USDA: More Precip from the Northern Plains to the Southeast Next Week

February 28, 2013 02:06 AM

USDA's Joint Ag Weather Facility says on the Plains, cool, dry weather prevails in the wake of recent, drought-easing storminess. "Snow remains on the ground across portions of the central and southern Plains, with current depths at 6 inches in Wichita, Kansas, and 3 inches in Omaha, Nebraska, and Enid, Oklahoma," USDA elaborates.

In the West, USDA says precipitation (rain and snow) is increasing from the Pacific Northwest to the northern Rockies. "Meanwhile, warm, dry weather favors early-season fieldwork in California," USDA adds.

In the Corn Belt, USDA says wind-blown snow showers persist across roughly the eastern half of the region. "A thick blanket of snow remains in place across much of the northern and western Corn Belt, with current depths at 10 inches in Kansas City, Missouri; 9 inches in Des Moines, Iowa; and 7 inches in Rockford, Illinois," USDA details.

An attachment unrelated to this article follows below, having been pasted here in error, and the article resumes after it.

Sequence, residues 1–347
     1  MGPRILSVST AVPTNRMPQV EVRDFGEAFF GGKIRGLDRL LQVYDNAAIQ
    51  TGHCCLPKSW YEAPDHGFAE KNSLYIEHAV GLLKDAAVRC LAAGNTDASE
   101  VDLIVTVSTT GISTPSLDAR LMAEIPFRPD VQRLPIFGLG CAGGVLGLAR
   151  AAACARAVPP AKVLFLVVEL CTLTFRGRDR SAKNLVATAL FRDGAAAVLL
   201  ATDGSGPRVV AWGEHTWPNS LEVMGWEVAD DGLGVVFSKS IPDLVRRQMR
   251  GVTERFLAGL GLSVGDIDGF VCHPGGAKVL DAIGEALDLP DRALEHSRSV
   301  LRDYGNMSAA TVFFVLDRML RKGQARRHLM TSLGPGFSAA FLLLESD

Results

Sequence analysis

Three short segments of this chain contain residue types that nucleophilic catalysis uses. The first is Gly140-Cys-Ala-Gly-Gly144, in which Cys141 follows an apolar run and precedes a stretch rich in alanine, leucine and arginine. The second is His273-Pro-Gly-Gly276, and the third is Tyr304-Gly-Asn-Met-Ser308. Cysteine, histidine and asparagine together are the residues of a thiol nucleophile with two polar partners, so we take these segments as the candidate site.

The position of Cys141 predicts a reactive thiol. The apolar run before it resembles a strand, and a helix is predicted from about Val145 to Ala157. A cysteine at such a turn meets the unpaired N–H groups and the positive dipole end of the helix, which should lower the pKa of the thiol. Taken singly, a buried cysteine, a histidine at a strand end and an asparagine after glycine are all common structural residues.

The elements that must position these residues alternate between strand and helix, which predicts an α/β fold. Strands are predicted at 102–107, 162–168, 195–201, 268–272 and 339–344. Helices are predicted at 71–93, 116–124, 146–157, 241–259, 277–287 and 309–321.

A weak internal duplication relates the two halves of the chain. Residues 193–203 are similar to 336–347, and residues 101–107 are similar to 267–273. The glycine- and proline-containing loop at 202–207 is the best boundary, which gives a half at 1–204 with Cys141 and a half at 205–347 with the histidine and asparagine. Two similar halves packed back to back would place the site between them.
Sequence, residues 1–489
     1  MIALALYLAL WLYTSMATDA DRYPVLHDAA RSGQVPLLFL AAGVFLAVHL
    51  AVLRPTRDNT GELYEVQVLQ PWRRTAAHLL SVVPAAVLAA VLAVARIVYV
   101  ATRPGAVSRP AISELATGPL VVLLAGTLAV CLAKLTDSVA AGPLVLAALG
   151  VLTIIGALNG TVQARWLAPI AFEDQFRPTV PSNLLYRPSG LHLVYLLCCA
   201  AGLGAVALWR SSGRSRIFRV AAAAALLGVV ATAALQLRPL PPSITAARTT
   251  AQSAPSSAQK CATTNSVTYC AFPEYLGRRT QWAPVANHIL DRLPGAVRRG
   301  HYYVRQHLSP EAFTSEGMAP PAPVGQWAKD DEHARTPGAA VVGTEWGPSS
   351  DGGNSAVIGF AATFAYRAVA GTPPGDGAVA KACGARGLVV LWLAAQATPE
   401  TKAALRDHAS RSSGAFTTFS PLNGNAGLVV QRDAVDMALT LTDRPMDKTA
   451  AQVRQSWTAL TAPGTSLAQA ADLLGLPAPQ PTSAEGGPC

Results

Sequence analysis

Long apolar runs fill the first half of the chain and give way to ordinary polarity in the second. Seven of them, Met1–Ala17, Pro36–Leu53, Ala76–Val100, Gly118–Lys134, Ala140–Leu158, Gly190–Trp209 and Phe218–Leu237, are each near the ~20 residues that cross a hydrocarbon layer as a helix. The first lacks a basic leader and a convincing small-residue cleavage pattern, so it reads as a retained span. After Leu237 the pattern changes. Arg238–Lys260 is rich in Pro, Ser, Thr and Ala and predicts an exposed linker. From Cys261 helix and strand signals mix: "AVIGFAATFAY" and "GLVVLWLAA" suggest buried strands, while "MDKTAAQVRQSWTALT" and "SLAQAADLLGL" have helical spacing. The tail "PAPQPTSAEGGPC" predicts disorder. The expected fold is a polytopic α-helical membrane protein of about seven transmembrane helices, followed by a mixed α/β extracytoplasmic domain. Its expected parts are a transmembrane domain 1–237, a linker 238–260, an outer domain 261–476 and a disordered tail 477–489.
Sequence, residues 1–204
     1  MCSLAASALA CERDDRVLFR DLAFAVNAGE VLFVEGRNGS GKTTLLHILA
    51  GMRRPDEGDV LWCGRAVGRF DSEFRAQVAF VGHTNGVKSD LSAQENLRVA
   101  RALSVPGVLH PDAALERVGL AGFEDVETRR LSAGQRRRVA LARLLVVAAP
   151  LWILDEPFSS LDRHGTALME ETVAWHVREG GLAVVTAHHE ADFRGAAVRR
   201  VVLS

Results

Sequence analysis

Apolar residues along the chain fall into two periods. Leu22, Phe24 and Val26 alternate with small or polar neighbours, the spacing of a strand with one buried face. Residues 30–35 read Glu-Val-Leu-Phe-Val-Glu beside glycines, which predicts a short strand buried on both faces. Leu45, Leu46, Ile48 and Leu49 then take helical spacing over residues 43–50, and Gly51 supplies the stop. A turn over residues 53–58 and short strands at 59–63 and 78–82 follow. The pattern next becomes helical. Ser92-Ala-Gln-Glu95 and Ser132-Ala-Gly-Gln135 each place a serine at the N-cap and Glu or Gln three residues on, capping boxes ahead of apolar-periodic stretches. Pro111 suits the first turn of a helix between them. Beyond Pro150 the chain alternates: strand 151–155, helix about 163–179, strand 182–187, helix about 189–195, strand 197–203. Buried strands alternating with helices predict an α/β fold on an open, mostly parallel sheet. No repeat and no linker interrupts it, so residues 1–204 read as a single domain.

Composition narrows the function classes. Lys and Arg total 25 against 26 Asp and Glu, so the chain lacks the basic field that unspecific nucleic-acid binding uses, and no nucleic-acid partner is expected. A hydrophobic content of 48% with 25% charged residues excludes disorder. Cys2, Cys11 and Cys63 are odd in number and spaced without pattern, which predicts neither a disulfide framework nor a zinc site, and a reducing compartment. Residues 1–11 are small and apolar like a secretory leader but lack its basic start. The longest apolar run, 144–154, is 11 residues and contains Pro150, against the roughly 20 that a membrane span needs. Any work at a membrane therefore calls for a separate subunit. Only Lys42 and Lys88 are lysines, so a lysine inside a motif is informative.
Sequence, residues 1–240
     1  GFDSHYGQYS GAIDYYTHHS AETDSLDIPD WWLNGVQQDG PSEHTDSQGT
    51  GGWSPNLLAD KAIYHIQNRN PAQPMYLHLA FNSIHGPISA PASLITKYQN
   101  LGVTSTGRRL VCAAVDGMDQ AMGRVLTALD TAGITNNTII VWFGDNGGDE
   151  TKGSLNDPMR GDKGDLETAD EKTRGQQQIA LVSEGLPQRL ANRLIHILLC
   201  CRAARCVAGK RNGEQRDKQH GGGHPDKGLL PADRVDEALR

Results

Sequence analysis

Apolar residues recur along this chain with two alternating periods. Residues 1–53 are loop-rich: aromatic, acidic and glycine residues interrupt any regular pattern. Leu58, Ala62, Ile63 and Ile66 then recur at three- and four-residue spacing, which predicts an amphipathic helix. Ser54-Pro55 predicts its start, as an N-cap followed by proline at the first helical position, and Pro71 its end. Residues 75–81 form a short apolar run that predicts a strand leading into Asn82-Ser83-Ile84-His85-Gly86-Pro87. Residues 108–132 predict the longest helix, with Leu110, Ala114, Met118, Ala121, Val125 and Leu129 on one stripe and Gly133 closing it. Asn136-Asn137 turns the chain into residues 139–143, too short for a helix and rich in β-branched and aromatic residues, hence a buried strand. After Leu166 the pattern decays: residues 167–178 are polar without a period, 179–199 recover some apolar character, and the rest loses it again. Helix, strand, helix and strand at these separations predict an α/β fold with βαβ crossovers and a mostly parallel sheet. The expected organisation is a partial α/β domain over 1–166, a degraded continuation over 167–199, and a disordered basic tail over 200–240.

In the South, USDA reports snow showers are confined to the western slopes of the southern Appalachians. "Cool, dry weather covers the remainder of the region," USDA adds. Some planting is underway across the Deep South; for example, corn planting was 9% percent complete in Texas by Feb. 24, on the strength of early planting in the far southern part of the state, according to USDA.

USDA's outlook says a pesky low-pressure system currently centered over the lower Great Lakes region will drift eastward and continue to weaken. "However, lingering rain and snow showers will affect the southern and eastern Corn Belt, the Appalachians, and the Northeast," USDA continues. A few showers will also occur into the weekend across southern Florida, USDA adds. "Meanwhile, late-week warmth will spread from the West to the High Plains, but chilly conditions will persist across the eastern half of the U.S.," USDA explains. Elsewhere, precipitation will be mostly confined to the Northwest, USDA reports. Early next week, however, a storm system will generate some precipitation from the northern Plains into the Southeast, according to USDA.


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